Diagnosis Key Points

• If one pituitary hormone insufficiency is documented, the other pituitary hormones should be tested.

• An 8 am plasma cortisol level less than 5 ^g/dL strongly suggests hypocortisolism; a level greater than18 ^g/dL excludes ACTH deficiency.

• Serum free T4 must be used with serum TSH concentration in assessing thyroid function.

• Normal or subnormal LH level in menopausal or amenorrheic women, in the presence of a low estradiol level, indicates secondary hypogonadism (in men, low testosterone level).

• Diagnosis of GH deficiency requires provocative testing.

Since the presenting complaints can be subtle, clinicians should have a high index of suspicion to diagnose hypopituitarism (Toogood and Stewart, 2008). If the clinical manifestations fit hypogonadism, hypothyroidism, or adrenal insufficiency, those hormonal tests should be ordered to confirm the diagnosis. If one pituitary hormone insufficiency is documented, every attempt should be made to test the status of the other pituitary hormones as well. The underlying etiology of the disease should be determined by computed tomography (CT) or magnetic resonance imaging (MRI) of the hypothalamic-pituitary area. Occasionally, angiography is needed when carotid artery aneurysm is suspected, or to define the blood supply of the tumor. Formal ophthalmo-logic examination with visual field evaluation should be ordered if the patient is symptomatic or has a pituitary mass lesion.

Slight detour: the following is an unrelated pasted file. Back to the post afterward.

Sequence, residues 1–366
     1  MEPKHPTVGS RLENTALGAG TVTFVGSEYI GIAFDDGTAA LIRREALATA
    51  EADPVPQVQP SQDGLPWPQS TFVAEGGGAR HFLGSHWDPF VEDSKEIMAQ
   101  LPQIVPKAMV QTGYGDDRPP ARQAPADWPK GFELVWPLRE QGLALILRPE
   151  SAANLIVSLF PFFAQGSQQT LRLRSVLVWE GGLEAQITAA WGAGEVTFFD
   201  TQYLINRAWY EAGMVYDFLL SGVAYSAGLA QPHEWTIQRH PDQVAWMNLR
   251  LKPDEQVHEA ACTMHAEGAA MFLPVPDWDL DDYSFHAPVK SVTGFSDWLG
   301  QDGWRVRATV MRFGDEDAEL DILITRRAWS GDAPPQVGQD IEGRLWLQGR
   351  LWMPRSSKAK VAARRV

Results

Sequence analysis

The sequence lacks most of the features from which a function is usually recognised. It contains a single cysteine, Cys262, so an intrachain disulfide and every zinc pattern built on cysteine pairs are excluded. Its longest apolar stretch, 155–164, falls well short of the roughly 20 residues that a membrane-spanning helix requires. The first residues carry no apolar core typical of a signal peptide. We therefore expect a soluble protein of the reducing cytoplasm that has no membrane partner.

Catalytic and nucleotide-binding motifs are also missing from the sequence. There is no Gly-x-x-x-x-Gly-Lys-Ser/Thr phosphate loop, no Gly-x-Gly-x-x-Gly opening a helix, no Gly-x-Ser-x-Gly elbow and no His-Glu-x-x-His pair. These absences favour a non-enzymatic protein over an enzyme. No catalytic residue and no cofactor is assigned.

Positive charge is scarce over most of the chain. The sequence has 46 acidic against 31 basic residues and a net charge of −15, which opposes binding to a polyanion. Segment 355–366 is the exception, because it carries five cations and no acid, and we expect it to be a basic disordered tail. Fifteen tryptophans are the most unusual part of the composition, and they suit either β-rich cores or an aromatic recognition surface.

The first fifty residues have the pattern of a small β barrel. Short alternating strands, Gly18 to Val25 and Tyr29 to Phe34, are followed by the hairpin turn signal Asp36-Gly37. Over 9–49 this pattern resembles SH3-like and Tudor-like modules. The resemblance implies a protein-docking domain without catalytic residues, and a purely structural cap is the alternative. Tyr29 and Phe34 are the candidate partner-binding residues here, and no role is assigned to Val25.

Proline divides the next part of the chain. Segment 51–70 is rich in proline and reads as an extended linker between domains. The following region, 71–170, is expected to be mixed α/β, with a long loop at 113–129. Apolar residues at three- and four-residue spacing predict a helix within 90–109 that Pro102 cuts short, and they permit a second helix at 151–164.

Pituitary hormone secretion is episodic, and in general, dynamic testing is more valuable than single, baseline hormone measurements. For practical reasons, however, the screening can be done with pituitary hormone and target hormone measurements simultaneously. For evaluating suspected hypopituitarism, tests include thyroid function, LH, serum testosterone in men and estradiol in women, IGF-1 (because GH has a short half-life in blood), prolactin, and morning cortisol. Provocative testing for GH and ACTH reserve may be required as well. Patients with known pituitary disease and deficiency of ACTH, TSH, or gonadotropins have a 95% chance of a subnormal provocative stimulus for GH. Also, patients with known pituitary disease and a serum IGF-1 concentration lower than normal can be presumed to have GH deficiency (Gharib et al., 2003). Provocative tests for GH are either physiologic (sleep or exercise) or pharmacologic such as insulin-induced hypoglycemia, GHRH with arginine, and levodopa with arginine tests (Biller et al.,

2002). GH deficiency is diagnosed when GH does not rise above 5 ng/mL in response to two or more stimuli.

A plasma cortisol level less than 5 ^/dL at 8 am on two occasions in the patient with a disorder known to cause hypopituitarism strongly suggests hypocortisolism, and in the presence of normal or low serum ACTH concentration, it establishes the diagnosis of secondary adrenal insufficiency. Conversely, a cortisol level of 18 ^/dL or greater virtually excludes the diagnosis of ACTH deficiency.